BelTA CEO Iryna Akulovich expressed understanding of BAJ opinion that the confrontation between the state-owned and non-state media is not good for anyone. However, Akulovich plans to wait for the end of the investigation into the BelTA case".
Barys Haretski, BAJ deputy chairperson, met with Iryna Akulovich to convey BAJ opinion that none of the parties needs confrontation in the journalistic community. For many years, the Belarusian Association of Journalists made significant efforts to establish a dialogue between journalists of state-owned and private media. The "BelTA case" against independent journalists is a huge backslide on the progress.
Furthermore, the "BelTA case" has caused great image losses for BelTA and the authorities, and not the independent media, believes the Belarusian Association of Journalists.
Haretski reminded BelTA of the reconciliation procedure envisaged by the Belarusian Criminal Code. In this case, the criminal case will not be brought to court. BAJ deputy chairman believes this is one of the possible steps to resolve the conflict. Now it is all up to BelTA.
In her turn, Iryna Akulovich said that she understood the situation. However, she would not make any steps until the investigation is over.
Akulovich also said she did not see the polical motivation in the case. In her opinion, this is all about passwords and illegal access. She, as BelTA CEO, needs to protect the subscribers.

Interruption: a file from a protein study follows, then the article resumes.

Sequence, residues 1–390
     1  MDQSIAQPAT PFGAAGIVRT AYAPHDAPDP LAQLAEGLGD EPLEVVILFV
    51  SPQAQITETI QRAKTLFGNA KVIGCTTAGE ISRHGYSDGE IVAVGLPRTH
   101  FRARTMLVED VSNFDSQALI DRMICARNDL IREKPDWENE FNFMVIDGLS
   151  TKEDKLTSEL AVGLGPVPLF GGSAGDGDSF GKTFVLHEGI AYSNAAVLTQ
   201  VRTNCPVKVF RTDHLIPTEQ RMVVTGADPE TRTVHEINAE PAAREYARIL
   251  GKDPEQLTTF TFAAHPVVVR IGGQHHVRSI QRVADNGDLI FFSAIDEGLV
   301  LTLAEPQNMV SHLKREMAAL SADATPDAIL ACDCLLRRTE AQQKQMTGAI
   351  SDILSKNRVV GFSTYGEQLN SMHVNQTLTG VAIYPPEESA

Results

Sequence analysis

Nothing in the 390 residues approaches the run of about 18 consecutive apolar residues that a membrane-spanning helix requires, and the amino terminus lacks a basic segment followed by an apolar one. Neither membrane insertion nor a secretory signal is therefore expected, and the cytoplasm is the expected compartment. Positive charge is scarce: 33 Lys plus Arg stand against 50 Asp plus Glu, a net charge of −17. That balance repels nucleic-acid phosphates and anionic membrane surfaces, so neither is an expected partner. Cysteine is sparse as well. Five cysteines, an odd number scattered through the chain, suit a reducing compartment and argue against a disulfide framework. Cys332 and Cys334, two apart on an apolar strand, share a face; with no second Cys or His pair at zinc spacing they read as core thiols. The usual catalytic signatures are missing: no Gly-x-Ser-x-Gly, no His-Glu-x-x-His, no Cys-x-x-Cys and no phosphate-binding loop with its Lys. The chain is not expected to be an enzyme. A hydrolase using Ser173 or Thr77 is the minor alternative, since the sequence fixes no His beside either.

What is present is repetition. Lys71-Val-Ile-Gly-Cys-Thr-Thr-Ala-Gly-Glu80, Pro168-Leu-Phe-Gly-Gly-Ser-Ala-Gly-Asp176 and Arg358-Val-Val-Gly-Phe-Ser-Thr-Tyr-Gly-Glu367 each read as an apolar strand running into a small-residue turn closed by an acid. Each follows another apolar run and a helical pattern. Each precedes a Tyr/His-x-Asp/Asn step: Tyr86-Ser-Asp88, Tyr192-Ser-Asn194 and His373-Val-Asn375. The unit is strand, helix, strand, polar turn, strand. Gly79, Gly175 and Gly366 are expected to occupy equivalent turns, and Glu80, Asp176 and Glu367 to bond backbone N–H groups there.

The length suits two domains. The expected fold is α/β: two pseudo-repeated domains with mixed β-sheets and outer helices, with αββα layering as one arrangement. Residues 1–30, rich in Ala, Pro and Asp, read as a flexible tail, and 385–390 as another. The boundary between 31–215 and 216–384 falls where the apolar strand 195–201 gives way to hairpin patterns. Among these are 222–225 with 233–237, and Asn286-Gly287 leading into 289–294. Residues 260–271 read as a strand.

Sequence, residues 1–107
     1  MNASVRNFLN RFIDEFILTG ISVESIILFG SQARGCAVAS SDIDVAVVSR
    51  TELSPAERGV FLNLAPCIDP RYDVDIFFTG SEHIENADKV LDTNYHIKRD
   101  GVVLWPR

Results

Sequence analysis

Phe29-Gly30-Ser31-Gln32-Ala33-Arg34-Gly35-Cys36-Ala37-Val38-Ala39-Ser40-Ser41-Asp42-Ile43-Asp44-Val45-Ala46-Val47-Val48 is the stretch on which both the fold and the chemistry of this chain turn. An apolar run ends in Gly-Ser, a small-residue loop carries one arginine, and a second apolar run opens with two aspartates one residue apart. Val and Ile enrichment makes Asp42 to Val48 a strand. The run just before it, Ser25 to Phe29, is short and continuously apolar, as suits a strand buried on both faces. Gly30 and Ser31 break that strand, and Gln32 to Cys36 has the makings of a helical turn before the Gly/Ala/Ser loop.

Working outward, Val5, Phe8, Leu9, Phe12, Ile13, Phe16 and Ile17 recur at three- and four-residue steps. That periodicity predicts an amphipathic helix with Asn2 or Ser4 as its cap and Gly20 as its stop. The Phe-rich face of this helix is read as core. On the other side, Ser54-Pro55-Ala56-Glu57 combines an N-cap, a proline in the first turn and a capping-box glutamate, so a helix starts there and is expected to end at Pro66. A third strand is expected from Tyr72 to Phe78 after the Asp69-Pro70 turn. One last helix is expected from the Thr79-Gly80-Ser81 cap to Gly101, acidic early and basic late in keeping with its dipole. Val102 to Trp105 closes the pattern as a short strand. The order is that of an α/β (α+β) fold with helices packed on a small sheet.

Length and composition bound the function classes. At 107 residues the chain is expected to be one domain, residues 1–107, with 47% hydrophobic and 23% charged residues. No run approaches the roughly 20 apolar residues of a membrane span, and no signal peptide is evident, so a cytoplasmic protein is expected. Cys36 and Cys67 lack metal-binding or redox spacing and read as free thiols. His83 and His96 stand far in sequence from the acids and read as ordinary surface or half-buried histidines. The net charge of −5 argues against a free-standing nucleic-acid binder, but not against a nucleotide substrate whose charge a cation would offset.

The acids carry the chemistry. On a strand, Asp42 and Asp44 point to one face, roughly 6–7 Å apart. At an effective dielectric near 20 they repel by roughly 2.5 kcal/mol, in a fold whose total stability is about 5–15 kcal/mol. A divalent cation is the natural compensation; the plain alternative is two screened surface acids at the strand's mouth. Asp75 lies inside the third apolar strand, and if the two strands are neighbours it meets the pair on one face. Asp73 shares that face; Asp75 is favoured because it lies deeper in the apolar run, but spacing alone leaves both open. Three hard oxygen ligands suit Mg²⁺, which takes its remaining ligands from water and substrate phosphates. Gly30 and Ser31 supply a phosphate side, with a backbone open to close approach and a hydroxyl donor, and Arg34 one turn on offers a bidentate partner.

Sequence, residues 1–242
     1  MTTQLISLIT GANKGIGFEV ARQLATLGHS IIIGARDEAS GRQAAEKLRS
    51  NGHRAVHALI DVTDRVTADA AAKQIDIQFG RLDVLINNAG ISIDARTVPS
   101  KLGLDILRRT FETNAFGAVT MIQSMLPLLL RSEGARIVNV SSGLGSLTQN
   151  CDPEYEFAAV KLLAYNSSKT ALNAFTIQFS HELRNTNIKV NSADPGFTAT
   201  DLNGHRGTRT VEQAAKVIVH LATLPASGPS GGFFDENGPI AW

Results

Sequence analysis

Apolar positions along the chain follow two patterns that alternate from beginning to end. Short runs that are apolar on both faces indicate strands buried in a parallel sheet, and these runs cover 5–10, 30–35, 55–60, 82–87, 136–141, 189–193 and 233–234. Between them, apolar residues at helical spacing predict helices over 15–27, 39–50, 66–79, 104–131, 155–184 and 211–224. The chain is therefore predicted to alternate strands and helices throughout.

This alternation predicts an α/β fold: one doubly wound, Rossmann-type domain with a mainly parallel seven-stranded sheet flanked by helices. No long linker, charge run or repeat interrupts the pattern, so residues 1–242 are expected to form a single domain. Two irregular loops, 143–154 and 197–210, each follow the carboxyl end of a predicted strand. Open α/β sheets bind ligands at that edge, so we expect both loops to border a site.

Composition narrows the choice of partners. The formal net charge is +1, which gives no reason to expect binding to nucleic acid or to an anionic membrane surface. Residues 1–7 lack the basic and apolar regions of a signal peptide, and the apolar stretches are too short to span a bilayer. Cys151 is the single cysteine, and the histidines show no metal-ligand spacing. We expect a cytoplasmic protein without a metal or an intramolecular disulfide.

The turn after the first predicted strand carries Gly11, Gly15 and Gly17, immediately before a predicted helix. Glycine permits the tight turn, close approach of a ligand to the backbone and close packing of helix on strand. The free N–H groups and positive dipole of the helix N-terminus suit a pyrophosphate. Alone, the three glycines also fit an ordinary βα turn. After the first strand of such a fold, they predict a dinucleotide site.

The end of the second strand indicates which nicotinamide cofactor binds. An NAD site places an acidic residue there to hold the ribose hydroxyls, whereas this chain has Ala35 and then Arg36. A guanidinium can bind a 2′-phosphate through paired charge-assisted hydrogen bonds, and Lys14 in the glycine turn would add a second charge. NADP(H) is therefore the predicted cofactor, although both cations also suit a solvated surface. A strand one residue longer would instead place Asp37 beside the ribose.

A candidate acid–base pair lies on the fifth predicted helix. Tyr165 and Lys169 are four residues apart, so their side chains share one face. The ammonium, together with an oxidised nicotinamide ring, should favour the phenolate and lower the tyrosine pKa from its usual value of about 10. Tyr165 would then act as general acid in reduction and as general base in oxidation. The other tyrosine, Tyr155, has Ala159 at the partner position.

- Iryna Akulovich understands BAJ opinion. But more importantly, the readers of non-state media should understand one simple thing. The authorities can do whatever they want with the mediaas long as we, the society, do not stand up in their defence.
Nothing will change, as long as we believe that the free media are to fight their way on their own, and we are just the consumers.
If we give our support to the journalists we read, to the newsrooms, and stand up in their defence, the situation will begin to change, - Barys Haretski calls on everyone to join the "Stand Up for journalists!" campaign.
On August 7-9, the police searched the offices of TUT.BY, BelaPAN news agency and other media outlets, as well as journalists' private apartments.
The authorities detained Maryna Zolatava, chief editor of TUT.BY, TUT.BY's editors Hanna Kaltyhina, Halina Ulasik, and Hanna Yarmachonak, BelaPAN's chief editor Iryna Leushyna and its commentator on international affairs Tatsiana Karavenkova, Deutsche Welle's correspondent Pauliuk Bykouski, and editor of Belorusy i Rynok website Aliaksei Zhukau.
They all spent several days in custody. Being suspects in the case, most of them are under travel restrictions.
The Investigative Committee suspects journalists of unauthorized access to computer information of BelTA, state-owned news agency. Independent analysts are convinced that BelTA case is an attempt to intimidate and take the leading non-state media under control. The journalists face fines and even jail terms.